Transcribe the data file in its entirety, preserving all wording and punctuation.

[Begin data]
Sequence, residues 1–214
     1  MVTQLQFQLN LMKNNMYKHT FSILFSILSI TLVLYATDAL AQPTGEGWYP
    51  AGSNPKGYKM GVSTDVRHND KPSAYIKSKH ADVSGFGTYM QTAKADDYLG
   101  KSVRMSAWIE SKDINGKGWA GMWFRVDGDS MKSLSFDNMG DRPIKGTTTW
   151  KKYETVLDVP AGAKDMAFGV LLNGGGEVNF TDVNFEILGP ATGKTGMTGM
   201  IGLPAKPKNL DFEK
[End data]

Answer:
Sequence, residues 1–214
     1  MVTQLQFQLN LMKNNMYKHT FSILFSILSI TLVLYATDAL AQPTGEGWYP
    51  AGSNPKGYKM GVSTDVRHND KPSAYIKSKH ADVSGFGTYM QTAKADDYLG
   101  KSVRMSAWIE SKDINGKGWA GMWFRVDGDS MKSLSFDNMG DRPIKGTTTW
   151  KKYETVLDVP AGAKDMAFGV LLNGGGEVNF TDVNFEILGP ATGKTGMTGM
   201  IGLPAKPKNL DFEK